July 29 (Bloomberg) -- Chris Ruffle, who co-managed the best emerging market hedge fund last year according to Hedge Funds Review, plans a new China offering after he parted company with Martin Currie Ltd. today following an investigation into a conflict of interest.
Heartland Capital Management Ltd., in which Ruffle holds a 70 percent stake and Ke Shifeng the remainder, will in early November acquire Martin Currie’s interest in a China joint venture between the companies, Ruffle said by phone from San Francisco. Ruffle, 52, said Ke will join him at the firm that will include Martin Currie’s team of 12 analysts in Shanghai.
Ruffle, who was responsible for co-managing 31 percent of Edinburgh-based Martin Currie’s assets, said he is setting up trading, legal and compliance systems for Heartland so that it’s ready in November “as a fully functioning, fully SEC-licensed fund management company to offer people who want to invest in China.” Martin Currie will retain all its assets in Greater China, except for about $150 million, Ruffle said.
His departure from Martin Currie was agreed to by regulators in London and Washington after an examination of transactions in an unlisted convertible bond issued in 2009 by Ugent Holdings Ltd., a Chinese maker of printer cartridges, Martin Currie said in an e-mailed statement yesterday. Ruffle, in a telephone interview, denied any wrongdoing.
“In light of recommendations made in those reviews, and following extensive dialogues with Chris Ruffle and with our regulators, Martin Currie has concluded that it must now part ways with Chris Ruffle,” said Willie Watt, Martin Currie’s Chief Executive Officer, in the statement.
Martin Currie is losing a manager who spent much of the past two decades building a China business with more than 3 billion pounds ($4.9 billion) in assets managed. London-based Hedge Funds Review chose the Martin Currie China Hedge Fund that Englishman Ruffle co-managed with Ke as the best in emerging markets last year, and London-based HFMWeek selected it as the best fund in the same category in 2009.
Ke will assume Ruffle’s responsibilities, Martin Currie said. The company is also recruiting two new fund managers and a head of research for the region, it said.
Ke declined to comment in a telephone call today.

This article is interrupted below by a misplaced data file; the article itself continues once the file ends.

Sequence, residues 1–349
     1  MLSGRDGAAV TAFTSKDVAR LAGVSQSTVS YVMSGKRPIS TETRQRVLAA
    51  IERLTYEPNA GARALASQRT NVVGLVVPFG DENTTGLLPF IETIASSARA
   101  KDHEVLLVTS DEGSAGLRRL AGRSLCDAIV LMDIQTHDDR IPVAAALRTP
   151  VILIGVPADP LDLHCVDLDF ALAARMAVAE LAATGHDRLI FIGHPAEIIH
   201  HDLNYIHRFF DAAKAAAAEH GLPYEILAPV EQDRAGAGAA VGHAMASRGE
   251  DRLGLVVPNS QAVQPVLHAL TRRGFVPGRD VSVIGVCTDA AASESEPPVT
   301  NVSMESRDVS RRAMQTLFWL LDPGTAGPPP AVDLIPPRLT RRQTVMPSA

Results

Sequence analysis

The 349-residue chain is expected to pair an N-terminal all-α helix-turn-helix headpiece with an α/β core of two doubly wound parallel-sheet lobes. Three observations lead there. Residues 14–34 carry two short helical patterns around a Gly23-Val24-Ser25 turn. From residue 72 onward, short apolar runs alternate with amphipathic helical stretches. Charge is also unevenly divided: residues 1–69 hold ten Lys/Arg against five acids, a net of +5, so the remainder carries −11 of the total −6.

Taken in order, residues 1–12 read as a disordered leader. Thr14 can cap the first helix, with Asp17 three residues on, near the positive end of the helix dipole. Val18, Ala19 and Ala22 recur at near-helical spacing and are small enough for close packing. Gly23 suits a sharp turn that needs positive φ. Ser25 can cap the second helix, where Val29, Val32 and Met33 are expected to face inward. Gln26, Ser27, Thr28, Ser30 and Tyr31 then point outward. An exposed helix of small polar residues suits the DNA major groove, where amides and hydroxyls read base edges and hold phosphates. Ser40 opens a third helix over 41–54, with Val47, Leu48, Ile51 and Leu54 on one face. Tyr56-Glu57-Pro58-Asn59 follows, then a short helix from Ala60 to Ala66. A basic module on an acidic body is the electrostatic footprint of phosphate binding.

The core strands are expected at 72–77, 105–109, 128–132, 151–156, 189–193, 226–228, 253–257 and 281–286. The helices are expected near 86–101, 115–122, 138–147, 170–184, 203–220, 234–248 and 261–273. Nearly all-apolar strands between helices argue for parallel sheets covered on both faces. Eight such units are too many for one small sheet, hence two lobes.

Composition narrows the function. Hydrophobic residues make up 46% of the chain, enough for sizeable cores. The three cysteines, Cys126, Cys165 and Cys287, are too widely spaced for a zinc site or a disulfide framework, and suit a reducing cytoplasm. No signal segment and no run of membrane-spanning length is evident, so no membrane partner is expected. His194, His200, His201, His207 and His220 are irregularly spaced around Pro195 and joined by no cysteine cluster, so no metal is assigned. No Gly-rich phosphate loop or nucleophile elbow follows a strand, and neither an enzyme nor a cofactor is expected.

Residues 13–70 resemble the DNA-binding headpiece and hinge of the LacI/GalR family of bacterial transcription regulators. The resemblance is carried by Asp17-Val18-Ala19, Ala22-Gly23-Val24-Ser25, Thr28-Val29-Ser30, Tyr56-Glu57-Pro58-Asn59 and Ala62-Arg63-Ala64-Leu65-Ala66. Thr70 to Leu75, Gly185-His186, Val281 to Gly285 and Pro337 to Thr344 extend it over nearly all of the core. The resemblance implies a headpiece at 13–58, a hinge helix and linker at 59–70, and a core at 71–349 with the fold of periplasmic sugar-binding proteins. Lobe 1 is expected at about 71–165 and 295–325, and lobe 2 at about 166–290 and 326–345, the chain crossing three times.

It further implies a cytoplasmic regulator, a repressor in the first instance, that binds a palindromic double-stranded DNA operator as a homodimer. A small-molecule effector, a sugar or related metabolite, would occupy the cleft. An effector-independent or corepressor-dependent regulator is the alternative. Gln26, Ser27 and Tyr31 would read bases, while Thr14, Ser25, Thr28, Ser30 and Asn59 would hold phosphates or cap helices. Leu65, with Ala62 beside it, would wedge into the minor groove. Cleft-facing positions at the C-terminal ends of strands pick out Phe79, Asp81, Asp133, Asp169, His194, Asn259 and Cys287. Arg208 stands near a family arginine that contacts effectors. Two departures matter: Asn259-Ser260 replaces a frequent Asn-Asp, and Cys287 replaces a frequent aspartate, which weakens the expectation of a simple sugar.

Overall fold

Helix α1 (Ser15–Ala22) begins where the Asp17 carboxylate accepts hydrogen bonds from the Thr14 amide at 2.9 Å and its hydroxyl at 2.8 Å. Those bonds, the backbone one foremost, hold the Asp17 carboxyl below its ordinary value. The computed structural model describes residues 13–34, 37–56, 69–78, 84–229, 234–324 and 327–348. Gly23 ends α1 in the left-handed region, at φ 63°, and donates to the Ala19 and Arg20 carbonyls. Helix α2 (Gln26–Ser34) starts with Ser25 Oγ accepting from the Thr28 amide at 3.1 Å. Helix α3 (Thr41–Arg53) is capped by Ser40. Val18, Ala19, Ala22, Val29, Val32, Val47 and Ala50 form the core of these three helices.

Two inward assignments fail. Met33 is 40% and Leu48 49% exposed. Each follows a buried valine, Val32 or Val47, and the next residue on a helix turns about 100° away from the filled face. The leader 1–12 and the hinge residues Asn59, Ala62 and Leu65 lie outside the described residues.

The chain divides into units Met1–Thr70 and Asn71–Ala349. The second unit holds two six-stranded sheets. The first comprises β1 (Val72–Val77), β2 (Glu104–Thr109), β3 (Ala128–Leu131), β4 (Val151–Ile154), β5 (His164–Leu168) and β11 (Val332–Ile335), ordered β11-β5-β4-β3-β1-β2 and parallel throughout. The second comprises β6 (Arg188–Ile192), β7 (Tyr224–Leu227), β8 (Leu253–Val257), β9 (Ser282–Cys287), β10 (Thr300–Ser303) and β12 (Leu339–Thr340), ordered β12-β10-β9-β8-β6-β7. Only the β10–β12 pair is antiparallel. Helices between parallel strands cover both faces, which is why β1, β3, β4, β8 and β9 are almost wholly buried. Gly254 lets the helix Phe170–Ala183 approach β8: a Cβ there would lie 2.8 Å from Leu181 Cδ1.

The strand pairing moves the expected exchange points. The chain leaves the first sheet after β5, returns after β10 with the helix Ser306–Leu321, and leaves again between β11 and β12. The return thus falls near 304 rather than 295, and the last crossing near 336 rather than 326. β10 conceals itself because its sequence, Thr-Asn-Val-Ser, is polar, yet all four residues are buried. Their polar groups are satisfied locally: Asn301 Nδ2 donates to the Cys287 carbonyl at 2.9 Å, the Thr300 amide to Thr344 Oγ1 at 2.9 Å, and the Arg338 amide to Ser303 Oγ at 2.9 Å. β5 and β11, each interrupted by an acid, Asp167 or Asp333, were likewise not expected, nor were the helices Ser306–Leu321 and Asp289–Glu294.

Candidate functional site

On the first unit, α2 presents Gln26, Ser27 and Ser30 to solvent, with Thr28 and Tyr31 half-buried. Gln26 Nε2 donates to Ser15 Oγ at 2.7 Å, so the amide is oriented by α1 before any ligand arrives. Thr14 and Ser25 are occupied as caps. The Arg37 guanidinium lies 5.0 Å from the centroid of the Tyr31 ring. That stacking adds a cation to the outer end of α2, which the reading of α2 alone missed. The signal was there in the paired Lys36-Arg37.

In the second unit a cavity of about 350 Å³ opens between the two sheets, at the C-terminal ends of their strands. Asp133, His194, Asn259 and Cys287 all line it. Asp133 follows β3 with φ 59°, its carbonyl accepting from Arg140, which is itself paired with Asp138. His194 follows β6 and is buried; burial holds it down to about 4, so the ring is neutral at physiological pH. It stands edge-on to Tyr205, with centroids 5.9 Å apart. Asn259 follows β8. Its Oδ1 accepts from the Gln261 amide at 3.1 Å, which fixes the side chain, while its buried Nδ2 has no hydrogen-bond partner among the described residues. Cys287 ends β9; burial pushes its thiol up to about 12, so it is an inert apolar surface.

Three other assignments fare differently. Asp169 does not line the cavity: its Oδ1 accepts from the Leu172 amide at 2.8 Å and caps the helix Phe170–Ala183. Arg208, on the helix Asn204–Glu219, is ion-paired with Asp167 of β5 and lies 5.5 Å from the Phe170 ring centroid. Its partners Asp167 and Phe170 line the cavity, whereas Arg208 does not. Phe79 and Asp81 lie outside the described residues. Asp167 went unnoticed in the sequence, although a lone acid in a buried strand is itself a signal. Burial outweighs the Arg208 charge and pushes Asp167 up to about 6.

In April, Martin Currie said in its annual report that the company entered into a transaction that “may have presented a conflict of interest.” The company then said in May it was in talks with the U.S. Securities and Exchange Commission and the U.K. Financial Services Authority and was helping them with their enquiries.
Conflict of Interest
An investment made in 2009 in Ugent by Martin Currie on behalf of the U.S.-listed China Fund that Ruffle co-managed with Ke led to a conflict of interest because the Scottish firm was also investing client money in Ugent’s parent company, the Scotsman reported, without citing a source. The conflict of interest resulted in a $20 million compensation agreement with investors, according to the newspaper’s website.
Martin Currie, which oversaw 10.1 billion pounds of assets as of June 30, down 11 percent from the end of 2010, said it had resolved the issue with the client concerned.
Both investments were “fully discussed within Martin Currie within valuation committees and reported to the board,” Ruffle said today. “I think it was in the best interests of both groups of investors. It was fully disclosed but unfortunately was not captured in the minutes of the board meeting of the fund and that was the problem.”
Based in Shanghai since 2002, Ruffle started working for Martin Currie in 1994, according to the firm’s website. Originally from Bradford in England, Ruffle speaks Chinese fluently and has a penchant for building castles.
In 1992, while living in Taiwan, Ruffle bought sight-unseen for 50,000 pounds the ruins of Dairsie Castle near St. Andrews in Scotland, which he rebuilt. In 2006, he began construction of another castle near Yantai in China’s Shandong province that was completed in 2009. There he founded Treaty Port Vineyards, a winery that began selling its first vintage in May.
--Kevin Hamlin, Peter Woodifield. Editors: John Liu, Malcolm Scott
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